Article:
Monday, September 28, 2015

Campaign Trail, by David Cornelius

I typically think politics belong in late-night Facebook posts and arguments with my Granddad, and certainly not in my board game sessions. There are few things more divisive than a quick chat about energy policies, or the role of government in healthcare, or the more hot-button issues that we yell about every day.

Somehow, Campaign Trail manages to avoid all of this negativity, while capturing the fun of watching the twists and turns of a Presidential campaign. Republicans have a 15% lead in Illinois? Just wait until the Independents launch their huge ad campaign and claim the state. Democrats are polling well on Environmental Issues in California? Great, but they've been overtaken by the Republican candidate with a strong message on international trade.

These swings and targeted strategies push and pull electoral votes (the score markers in the game) and create some of the most compelling drama I've felt in a game. Keep reading, and I'll go into a bit more detail about what I like in Campaign Trail.

Updated Update: Campaign Trail is now live on Kickstarter, with a lower price, free shipping in the US, and a deluxe version available that I've happily snapped up. Check it out by clicking here! 

I've played Campaign Trail twice, in a two-player game with Amy and in a six-player game at our regular game night. I thoroughly enjoyed both, and for different reasons. The two-player version pits a Democrat vs. a Republican in a cutthroat competition to influence states until election day, at which point each player gets a final chance to gather support (in the form of voter cubes on the board) before the final tally.

The two-player game is VERY swingy - Amy once led by more than 300 votes out of 539 - but managed to make me feel like I was a turn away from reversing her momentum and getting voters back on my side. I ended up winning because of a strong second debate (more on this in a moment) and a crazy election day strategy that worked perfectly for me. I stole Texas (38 votes), Florida (29 votes), Pennsylvania (20 votes) and Ohio (18 votes) on the final day, a 95-vote swing that gave me the victory. It was intense, it was captivating, it was on-the-edge-of-your-seat drama as we both revealed our final plays (Election Day happens sort of simultaneously) and counted up the votes. I LOVED it.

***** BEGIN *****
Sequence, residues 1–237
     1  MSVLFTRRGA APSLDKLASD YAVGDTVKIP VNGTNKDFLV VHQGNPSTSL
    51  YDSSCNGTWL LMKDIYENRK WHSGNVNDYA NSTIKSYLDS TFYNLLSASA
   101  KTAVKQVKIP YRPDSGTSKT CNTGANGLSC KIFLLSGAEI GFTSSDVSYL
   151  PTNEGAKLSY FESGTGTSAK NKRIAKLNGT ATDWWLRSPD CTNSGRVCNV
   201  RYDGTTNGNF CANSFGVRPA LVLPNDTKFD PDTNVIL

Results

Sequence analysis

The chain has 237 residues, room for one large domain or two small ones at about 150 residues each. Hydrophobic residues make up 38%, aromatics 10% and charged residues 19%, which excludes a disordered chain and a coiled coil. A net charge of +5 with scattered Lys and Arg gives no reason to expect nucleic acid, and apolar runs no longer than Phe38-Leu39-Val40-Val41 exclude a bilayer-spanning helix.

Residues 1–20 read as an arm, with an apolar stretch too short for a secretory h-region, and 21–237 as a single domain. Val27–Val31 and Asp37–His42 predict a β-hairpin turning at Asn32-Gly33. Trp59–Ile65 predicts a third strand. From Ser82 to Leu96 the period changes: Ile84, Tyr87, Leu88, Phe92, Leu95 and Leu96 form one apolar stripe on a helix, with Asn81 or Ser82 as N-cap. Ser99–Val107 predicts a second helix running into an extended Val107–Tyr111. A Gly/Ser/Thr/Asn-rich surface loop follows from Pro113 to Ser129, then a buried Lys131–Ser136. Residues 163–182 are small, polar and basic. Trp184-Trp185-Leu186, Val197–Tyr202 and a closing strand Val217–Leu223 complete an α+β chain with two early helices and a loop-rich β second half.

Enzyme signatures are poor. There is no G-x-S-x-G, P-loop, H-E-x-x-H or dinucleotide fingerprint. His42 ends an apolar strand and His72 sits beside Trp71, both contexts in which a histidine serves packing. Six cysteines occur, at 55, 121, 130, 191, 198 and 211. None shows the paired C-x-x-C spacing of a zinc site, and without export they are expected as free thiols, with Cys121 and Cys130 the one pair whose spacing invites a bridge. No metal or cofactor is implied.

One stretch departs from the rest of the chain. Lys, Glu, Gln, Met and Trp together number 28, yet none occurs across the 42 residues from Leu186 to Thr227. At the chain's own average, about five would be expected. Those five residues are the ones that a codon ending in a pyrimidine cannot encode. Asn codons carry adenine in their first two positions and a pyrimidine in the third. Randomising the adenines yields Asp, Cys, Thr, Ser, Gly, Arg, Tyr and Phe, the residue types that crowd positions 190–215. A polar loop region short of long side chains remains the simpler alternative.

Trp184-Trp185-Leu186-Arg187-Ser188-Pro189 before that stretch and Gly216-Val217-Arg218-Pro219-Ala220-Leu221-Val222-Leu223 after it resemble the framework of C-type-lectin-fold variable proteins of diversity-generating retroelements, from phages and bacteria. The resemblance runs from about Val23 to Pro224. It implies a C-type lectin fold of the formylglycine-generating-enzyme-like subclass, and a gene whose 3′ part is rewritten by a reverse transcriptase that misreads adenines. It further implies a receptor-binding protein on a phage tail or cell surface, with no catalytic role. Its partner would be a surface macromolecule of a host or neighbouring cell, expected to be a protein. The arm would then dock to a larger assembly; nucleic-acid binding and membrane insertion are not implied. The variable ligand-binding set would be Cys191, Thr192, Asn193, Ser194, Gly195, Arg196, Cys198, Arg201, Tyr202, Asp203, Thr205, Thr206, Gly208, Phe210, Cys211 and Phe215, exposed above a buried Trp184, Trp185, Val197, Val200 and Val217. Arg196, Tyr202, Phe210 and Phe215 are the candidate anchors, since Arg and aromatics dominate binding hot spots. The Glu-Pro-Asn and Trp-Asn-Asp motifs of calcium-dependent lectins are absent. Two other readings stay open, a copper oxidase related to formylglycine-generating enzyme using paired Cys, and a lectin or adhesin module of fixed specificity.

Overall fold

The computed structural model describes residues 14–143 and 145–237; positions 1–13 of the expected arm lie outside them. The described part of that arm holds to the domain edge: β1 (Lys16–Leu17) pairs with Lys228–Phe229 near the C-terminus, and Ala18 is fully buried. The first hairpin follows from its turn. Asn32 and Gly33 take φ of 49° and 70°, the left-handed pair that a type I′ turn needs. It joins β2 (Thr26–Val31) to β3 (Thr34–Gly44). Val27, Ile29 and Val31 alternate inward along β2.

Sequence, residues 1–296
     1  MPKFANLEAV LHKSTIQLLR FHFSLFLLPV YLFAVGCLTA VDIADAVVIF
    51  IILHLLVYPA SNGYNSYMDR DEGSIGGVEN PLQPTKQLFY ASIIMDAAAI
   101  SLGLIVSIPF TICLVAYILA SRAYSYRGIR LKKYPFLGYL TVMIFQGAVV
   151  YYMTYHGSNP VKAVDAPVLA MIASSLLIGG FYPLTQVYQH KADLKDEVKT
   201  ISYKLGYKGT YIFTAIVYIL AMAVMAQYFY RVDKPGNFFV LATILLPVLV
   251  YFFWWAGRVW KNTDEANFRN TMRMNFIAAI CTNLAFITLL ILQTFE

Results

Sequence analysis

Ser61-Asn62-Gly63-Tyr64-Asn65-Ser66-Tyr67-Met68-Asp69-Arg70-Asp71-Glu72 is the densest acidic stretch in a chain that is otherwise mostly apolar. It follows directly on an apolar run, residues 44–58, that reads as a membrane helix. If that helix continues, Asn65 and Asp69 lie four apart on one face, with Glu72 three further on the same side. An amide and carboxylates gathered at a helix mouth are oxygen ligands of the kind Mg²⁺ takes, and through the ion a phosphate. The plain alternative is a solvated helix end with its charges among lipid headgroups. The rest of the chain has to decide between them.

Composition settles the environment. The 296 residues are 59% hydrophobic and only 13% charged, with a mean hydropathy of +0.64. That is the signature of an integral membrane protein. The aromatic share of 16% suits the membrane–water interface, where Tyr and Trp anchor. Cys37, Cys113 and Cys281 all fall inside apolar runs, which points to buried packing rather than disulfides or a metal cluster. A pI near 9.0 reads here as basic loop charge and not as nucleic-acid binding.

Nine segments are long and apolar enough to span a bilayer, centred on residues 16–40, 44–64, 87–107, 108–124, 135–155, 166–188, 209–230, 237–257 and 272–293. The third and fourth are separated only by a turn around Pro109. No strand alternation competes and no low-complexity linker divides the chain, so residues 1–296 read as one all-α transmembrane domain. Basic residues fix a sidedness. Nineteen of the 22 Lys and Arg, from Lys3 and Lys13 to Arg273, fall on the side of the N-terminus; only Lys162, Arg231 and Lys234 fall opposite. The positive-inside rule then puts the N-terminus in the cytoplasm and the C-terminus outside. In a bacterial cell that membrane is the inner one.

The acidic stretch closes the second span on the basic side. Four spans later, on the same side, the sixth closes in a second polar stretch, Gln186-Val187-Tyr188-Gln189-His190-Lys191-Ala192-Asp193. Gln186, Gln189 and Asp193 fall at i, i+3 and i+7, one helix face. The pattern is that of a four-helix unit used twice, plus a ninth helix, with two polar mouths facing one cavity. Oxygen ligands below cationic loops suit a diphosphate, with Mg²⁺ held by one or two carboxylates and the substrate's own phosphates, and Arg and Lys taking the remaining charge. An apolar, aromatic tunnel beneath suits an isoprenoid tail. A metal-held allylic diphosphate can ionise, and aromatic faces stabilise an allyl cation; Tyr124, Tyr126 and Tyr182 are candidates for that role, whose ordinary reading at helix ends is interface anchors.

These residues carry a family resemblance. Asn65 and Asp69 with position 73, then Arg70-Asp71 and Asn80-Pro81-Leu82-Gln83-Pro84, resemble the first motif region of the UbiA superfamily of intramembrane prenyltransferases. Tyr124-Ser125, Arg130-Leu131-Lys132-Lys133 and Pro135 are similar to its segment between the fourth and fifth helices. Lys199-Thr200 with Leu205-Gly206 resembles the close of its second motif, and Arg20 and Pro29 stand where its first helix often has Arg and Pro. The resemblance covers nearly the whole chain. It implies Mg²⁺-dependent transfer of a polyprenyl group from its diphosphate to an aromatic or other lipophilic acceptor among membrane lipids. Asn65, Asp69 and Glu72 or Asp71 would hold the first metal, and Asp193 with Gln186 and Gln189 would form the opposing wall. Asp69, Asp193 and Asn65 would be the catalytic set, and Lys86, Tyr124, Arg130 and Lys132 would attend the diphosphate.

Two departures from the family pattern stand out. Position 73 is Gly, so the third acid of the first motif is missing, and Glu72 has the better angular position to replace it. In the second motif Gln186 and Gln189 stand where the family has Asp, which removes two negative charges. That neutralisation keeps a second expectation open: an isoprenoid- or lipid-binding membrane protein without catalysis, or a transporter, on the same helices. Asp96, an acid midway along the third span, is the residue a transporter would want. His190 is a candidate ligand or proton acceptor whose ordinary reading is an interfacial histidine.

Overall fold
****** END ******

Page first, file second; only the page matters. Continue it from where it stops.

Look how cool this scoring track is!

The six-player game puts players in three President/VP teams, representing the Democrats, Republicans, and Independents. I taught the game to the other five players, and it took us a little under two hours to learn and complete our game. It was just as riveting as the two-player game, and the teamwork was awesome. I love playing team games because of the camaraderie shared between teammates, and it's always a great feeling to have another player completely invested in the narrative of the game with me. Campaign Trail delivered 100% on what I hoped it would - a no-hold-barred fight to the finish line for the Presidency.

There are two debates during Campaign Trail, which aren't actually out-loud debates, but a strategic battle of card play as candidates "speak" to issues that matter to the voters. These debates are hugely important in establishing and/or protecting leads in the states interested in the debates. The game's mechanic for these debates includes a couple cards played in turn order, which feels a nice break from the rest of the game without overstaying its welcome, or feeling too much like upkeep. It's balanced, interesting, and rewards long-term planning without overly punishing players who were less-prepared.

I love everything about this map. 

I'm shocked at how immersive and entertaining Campaign Trail is. I've backed the game at the highest tier, and provided that it funds, I'm going to use that tier to work my Mom into the game, who has a political science degree and used to watch election coverage with me when I was growing up. She introduced me to The West Wing (my favorite TV show of all time) and spent hours watching the 2000 election (and recount aftermath) with me before I headed off for college. I can't wait to share this game with her, and re-visit some of my favorite memories with her.

Speaking to that family narrative, Campaign Trail was designed by David Cornelius, and is now being published by his sons, Jeff and Nathan. They've been playing this game for most of their lives, and actively developing it for half a decade. I love Kickstarter for how personal dreams can be accomplished through preparation and successful campaigns, and this one is no different. I'm happy to support creators who are fulfilling a lifelong dream.

Campaign Trail is surprisingly accessible for casual gamers, wonderfully immersive, and creates a compelling (and sometimes gut-wrenching) narrative. I encourage you to check out Cosmic Wombat's game on Kickstarter for yourself, and place your vote for Campaign Trail!

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JR Honeycutt is a full-time husband and game-player, Community Manager at Level 99 Games, and co-host of The Nerd Nighters. You can find him on Twitter at @JayAhre or at a Friendly Local Game Store in Dallas/Fort Worth, Texas. Some of his reviews are also published in Ravage Magazine or at Tabletop Gaming News